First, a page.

Excerpts from Jim Conrad's
from the May 4, 2014 Newsletter issued from the Frio Canyon Nature Education Center in the valley of the Dry Frio River in northern Uvalde County, southwestern Texas, on the southern border of the Edwards Plateau, USA
SCARLET-WINGED LICHEN MOTH
Last week we looked at an Ethmia Moth, large numbers of which spent their days gathered on the white walls of the building I was painting. This week the Ethmia Moths have almost disappeared, but another larger and much more colorful species has taken its place, at least near lights that stay on at night, and they're just as numerous as last week the Ethmia Moths were. That's one above.
Volunteer bug identifier in Ontario recognized this immediately as a kind of lichen moth, genus Hypoprepia, because she's seen them at her place. However, in our area there are two very similar lichen moth species, Hypoprepia fucosa, and Hypoprepia miniata, so which was this one?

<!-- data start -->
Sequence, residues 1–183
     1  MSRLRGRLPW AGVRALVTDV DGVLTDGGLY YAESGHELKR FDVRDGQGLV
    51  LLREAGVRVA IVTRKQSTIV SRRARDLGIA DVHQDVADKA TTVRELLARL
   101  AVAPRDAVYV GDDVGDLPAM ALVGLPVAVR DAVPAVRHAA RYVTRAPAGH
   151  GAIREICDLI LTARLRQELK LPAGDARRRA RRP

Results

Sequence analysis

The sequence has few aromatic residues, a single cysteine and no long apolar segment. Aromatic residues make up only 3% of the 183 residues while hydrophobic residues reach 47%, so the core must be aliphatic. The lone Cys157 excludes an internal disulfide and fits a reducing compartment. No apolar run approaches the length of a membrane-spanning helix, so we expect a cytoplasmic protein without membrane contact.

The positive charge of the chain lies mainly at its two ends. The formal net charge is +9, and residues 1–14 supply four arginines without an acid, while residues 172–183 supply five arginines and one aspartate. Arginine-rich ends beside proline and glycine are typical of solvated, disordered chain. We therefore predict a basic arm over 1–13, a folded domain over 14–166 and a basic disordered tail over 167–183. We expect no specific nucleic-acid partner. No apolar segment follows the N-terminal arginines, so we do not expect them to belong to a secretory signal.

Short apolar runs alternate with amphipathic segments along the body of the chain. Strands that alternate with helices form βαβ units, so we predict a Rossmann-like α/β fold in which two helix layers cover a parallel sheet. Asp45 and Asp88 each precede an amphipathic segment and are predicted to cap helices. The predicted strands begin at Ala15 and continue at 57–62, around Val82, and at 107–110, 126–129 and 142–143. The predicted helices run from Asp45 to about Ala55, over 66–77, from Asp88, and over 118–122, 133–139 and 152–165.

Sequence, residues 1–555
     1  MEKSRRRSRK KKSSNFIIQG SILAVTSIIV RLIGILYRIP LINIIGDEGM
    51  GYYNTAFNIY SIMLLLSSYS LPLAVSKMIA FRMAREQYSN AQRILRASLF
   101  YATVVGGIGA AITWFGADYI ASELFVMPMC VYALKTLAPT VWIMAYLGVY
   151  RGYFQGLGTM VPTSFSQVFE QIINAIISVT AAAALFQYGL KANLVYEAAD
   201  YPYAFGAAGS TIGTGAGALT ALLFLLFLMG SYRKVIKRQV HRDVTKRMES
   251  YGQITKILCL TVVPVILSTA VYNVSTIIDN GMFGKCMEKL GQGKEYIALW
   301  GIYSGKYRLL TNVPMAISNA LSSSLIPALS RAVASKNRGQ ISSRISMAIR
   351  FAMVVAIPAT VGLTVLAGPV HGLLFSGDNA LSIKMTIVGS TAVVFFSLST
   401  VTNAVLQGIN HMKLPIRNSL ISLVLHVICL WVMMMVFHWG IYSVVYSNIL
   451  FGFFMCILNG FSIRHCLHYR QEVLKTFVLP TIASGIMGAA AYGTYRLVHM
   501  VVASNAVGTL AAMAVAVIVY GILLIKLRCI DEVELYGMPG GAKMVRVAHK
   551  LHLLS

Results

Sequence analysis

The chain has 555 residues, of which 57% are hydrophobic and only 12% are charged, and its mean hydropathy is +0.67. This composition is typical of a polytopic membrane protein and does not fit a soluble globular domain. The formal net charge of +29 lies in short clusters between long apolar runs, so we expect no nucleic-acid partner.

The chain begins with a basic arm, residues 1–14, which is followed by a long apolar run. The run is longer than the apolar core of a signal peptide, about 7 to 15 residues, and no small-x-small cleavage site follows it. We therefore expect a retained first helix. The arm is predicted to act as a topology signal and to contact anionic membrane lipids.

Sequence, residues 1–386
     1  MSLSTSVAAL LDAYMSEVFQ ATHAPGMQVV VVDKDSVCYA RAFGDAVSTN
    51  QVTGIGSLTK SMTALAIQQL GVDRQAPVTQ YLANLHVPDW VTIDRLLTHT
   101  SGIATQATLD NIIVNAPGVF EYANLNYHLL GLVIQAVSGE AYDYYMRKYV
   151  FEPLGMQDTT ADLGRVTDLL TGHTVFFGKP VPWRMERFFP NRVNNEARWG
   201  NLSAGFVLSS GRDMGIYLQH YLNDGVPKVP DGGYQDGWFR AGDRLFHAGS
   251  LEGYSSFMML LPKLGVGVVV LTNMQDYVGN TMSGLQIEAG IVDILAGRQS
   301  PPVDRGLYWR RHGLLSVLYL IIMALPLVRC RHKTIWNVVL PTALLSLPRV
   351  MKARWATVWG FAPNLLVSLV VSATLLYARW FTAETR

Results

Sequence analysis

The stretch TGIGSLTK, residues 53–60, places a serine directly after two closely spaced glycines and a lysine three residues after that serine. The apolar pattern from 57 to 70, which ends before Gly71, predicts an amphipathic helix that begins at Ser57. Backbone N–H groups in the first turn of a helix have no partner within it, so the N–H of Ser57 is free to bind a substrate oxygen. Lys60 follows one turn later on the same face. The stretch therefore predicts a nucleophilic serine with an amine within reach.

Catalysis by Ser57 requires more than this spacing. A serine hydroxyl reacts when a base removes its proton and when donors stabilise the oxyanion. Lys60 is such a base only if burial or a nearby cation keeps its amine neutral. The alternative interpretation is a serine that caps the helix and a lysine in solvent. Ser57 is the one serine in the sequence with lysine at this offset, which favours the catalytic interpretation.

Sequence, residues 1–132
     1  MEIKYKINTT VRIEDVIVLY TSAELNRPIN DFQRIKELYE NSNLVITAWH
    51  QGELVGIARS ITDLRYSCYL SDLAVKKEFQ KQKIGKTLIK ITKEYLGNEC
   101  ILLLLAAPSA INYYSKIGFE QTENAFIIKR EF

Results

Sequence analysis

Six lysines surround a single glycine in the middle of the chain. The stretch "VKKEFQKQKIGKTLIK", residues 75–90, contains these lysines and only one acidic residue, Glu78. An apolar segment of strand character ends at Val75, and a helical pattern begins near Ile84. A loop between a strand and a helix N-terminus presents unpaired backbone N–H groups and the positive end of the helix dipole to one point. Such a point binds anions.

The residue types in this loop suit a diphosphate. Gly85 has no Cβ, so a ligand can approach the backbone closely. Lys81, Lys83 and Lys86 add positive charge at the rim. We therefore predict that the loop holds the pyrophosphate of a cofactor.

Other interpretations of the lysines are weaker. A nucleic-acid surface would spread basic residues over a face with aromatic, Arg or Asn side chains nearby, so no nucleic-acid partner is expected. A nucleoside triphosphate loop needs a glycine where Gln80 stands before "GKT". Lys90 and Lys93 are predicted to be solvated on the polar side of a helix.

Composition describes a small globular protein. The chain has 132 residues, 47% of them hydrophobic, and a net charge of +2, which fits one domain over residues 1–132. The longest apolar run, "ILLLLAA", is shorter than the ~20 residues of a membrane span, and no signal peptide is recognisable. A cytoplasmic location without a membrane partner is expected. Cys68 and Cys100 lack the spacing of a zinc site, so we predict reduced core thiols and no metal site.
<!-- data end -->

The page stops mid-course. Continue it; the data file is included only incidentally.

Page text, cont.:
After comparing our picture with many identified pictures on the Internet, it seems to me that ours is HYPOPREPIA MINIATA, the Scarlet-winged Lichen Moth. It appears to be a little broader than H. fucosa, plus the dark area on each of its exposed wings extends farther forward, well passing the orange, rounded thorax behind the head, which usually it doesn't in H. fucosa.
Lichen moth caterpillar larvae feed on tree lichens and blue-green algae growing on trees, fallen logs and rocks. Maybe because such food contains relatively little nutrition, the caterpillars might cannibalize smaller larvae.